May 1st, 1880, witnessed the starting of the infant enterprise called “Yawman & Erbe,” and it was housed in a little room about 20’ by 30’, or 600 square feet, located at the corner of Exchange Street and the Erie Canal, Rochester.A firm agreement, requiring strict adherence to high principles, whether it was in their manufactured product or the management of their affairs, was entered into.This policy, at the very beginning of their career, dominated the administration of the business and is still the leading factor in any and every thing pertaining to “Y and E”.The firm’s total capital ($6,000) was very soon invested in tools and machinery, and the manufacture of microscopes and other scientific instruments was begun.
When the firm was four weeks old they hired their first employee--a boy to run errands and learn the business.He was Robert Schmidt, who is still in the employ of the Company as Superintendent of the Canadian factory at Newmarket, Ont., known as The Office Specialty Mfg. Co., Ltd., with executive offices at Toronto.In about six months the first full-fledged workman was engaged, whose support seemed assured through a slight increase in business.But both partners were somewhat discouraged, and it was never known from one week to another whether the frail craft would weather the sea.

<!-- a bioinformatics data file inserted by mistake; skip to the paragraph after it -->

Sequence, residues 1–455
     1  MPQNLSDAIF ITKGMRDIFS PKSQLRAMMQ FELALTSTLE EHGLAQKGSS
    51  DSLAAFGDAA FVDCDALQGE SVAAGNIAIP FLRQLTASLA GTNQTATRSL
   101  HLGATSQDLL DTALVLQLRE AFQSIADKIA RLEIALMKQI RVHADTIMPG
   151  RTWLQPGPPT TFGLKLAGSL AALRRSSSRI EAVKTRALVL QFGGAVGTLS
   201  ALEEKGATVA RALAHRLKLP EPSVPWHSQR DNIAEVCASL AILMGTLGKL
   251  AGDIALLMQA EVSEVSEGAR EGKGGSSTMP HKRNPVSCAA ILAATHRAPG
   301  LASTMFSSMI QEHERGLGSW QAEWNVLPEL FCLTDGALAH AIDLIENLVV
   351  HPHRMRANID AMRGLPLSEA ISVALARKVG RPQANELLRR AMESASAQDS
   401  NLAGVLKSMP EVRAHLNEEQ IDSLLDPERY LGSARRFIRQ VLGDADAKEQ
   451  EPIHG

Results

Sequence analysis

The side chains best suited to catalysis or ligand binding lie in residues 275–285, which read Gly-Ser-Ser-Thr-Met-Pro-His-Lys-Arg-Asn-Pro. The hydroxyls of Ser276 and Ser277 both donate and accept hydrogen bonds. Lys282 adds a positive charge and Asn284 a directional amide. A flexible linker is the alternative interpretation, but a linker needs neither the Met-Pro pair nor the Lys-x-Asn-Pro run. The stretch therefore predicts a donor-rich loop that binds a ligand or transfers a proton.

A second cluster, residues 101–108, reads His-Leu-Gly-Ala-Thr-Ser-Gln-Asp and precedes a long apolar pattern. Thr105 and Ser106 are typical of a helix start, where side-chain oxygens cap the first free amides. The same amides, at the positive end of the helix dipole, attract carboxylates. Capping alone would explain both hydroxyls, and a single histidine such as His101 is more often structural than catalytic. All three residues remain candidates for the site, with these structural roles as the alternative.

In the latter part of 1881 an inventor of an electric battery for medical purposes brought in his model and arranged for its manufacture.At first these were made by the dozen; then by the gross; and later by the great-gross, the inventor conducting their sale.In this electric battery was the turn of the tide and the beginning of real, tangible success.Business increased to such an extent that it was found necessary to get larger quarters, and, accordingly, the next floor above, containing 2,400 square feet, was leased.The employees now numbered fifteen.